Climate justice, now!
To The Editor:
At its last general meeting, the Village Independent Democrats unanimously passed a resolution calling for climate justice. To those who know V.I.D.’s history and commitment to progressive causes, this will be no surprise.
V.I.D. has been in the forefront in the fight to protect our environment. Our early support of Zephyr Teachout and Timothy Wu in the recent Democratic primary was critical to their success and likely influenced Governor Cuomo’s decision to ban fracking.
V.I.D. has also been a leader in the fight against the Spectra pipeline, whose development unfortunately now allows high-pressure fracked gas to pass very near a playground on the West Village waterfront.
Climate change poses a grave and imminent danger to our community. Greenwich Village is vulnerable to the dangers posed by rising sea levels. Indeed, many New York City residents — especially those residing in Manhattan — live in areas that have been designated as flood zones. Rising sea levels and increasingly volatile weather caused by climate change threaten the infrastructure of our city and could severely damage our economy.
Climate change could even render the city unlivable in the foreseeable future. And the same is true for coastal areas throughout the United States and the rest of the world.
With our resolution, New York City’s oldest and most progressive political club calls for immediate government action to address the issue of climate change. We urge our fellow Villagers to join our call to protect future generations of New Yorkers.
Hoffmann is president, Village Independent Democrats
Pier55 a dream come true
To The Editor:
I am the artistic director of Loco-Motion Dance Theatre, an afterschool dance and theater program in the Village for emerging artists ages 5 to 18.
For the past 20 years of our existence, we have envisioned and hoped for a performance venue like the one Pier55 proposes to include. Every year we rent performance space to present the works of 100 young choreographers, and we must go outside of our community to do so since there are no affordable venues in our area with the seating capacity that we require.
It would be a dream come true for my school and for many other local program directors to have access to a beautiful space to entertain, inspire, educate and connect the community through the art of music, theater and dance.
I hope to witness the transformational effects a project like this can have on an local arts organizations, their audiences and on local neighborhood school children. We could all benefit from an oasis on a previously abandoned pier to create and cherish new works of art.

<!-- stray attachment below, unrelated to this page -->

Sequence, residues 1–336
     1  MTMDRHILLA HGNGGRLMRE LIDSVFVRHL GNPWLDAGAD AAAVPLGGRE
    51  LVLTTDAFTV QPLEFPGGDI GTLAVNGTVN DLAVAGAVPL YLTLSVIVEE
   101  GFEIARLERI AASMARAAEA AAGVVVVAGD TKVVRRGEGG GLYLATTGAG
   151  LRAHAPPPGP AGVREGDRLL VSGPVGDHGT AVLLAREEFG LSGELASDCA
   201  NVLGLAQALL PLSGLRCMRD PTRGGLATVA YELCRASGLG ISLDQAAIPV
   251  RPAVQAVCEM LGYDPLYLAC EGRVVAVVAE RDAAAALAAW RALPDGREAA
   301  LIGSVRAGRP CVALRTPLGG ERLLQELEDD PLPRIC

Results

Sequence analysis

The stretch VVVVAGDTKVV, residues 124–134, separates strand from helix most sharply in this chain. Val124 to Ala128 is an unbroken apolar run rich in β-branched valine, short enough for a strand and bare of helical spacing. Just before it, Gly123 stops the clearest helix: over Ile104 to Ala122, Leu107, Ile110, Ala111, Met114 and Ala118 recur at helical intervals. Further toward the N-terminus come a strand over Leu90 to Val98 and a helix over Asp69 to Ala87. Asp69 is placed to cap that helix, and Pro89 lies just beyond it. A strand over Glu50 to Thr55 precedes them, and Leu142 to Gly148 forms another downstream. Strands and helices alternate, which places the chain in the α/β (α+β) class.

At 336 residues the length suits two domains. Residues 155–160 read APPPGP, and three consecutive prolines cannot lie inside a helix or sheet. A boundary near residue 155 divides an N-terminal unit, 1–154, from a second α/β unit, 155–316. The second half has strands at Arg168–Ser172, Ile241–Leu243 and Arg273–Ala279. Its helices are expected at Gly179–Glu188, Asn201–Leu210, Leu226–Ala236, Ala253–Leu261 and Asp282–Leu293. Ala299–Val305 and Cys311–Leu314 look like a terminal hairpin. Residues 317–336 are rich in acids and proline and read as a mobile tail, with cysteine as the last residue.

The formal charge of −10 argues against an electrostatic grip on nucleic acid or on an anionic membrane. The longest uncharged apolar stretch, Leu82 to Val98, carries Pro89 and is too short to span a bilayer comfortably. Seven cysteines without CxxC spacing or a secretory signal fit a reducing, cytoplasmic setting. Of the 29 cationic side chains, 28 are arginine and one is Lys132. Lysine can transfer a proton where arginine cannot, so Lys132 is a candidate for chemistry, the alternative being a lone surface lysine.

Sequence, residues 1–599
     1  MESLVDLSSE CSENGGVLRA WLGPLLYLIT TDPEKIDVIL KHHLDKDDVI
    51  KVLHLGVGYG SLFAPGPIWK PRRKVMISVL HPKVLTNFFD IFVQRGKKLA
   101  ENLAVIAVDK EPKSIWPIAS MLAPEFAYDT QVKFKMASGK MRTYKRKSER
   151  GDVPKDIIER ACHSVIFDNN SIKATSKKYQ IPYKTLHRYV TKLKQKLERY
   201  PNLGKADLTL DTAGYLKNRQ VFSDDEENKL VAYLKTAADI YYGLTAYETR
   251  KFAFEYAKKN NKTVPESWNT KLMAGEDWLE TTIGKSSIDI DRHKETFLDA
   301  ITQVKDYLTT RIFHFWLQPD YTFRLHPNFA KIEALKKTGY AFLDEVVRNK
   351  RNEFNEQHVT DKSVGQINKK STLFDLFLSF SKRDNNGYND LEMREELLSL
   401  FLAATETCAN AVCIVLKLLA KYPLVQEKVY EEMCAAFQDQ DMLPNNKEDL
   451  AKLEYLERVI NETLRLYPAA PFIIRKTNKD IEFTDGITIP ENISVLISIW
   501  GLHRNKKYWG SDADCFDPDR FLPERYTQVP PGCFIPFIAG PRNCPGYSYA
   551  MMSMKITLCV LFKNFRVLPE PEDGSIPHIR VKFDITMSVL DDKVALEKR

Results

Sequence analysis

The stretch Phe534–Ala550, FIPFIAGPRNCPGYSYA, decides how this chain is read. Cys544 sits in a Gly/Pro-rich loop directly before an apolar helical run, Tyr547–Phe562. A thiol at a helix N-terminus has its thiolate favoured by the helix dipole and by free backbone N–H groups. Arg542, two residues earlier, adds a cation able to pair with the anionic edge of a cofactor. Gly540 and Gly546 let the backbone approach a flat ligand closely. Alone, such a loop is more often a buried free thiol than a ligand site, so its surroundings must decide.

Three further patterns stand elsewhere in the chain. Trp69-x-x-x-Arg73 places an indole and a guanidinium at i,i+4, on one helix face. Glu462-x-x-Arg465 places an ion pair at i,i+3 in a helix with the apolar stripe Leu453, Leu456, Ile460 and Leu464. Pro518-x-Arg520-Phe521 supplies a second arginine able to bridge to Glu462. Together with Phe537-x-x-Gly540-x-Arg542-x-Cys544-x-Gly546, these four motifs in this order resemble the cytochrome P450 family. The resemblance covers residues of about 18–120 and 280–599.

Try changing the colors
To The Editor:
Michael Stewart, Anthony Baez, Abner Louima, Ramarley Graham, Akai Gurley…the list goes on and on without end. Just as it goes on without a beginning, because it seems to me that it has always gone on. Cops beating, shooting and killing men of color without ever standing before a judge or jury.
And this endless list is just from one city; every city everywhere all across America has a list, just like ours.
Had just half of this kind of violence been directed toward white men, you can rest assured police violence and murder would have been declared out of control and epidemic decades ago.
Jerry The Peddler
No middle ground
To The Editor:
Re “Swift as N.Y.C. ambassador is not welcome on the L.E.S.” (talking point, by Clayton Patterson, Nov. 27):
Yeah, GG Allin, the guy with the smallest d— in the world, after Sid Vicious (or maybe it was just a cold night at A7)… . I’m not so sure I’d agree that GG was representative of ’80s New York Downtown culture, any more than I’d agree with Ms. Barbie doll Swift being representative of it today.
But I get Clayton’s point: There should be some middle ground between total social collapse and total social control/brainwashing, which is the situation we’re coming to today.
When I lived in Alphabet City in the late ’70s and early ’80s, it was certainly a more stimulating place than it is today. I’d play with my band Khmer Rouge at CBGBs, get the cash at the end of the night and trip on down to Avenue D to purchase the goods. On the way down there, and afterward (having copped) trying to make it back to where I lived on Third and B, I’d try to avoid the psychos and muggers that were hanging around in darkened doorways, waiting for people like me.
It certainly kept life interesting, and at the risk of sounding pretentious, I’d sum up my view with Friedrich Nietzsche’s aphorism: “That which does not kill me makes me stronger.” It was an important, formative experience for me, that much is sure.
Today when you walk down by Third and B, all you see is crap art galleries, sushi bars and vacuous rich-kid students whose parents have bought them a flat in trendy Alphabet City. These people have no culture, no past and a virtual-reality future. They’re the new “Know-Nothings” of the soulless here-already future.
Meanwhile, N.Y.U. and Cooper Union are involved in what amounts to a kind of ethnic cleansing. Depressing — yes, very — but how to fight this creeping castration of culture, I have no idea.
I admire your rearguard action, Clayton, and more power to you. But to be honest, I think the move to Austria is the best thing you can do.
Best wishes from Prague.
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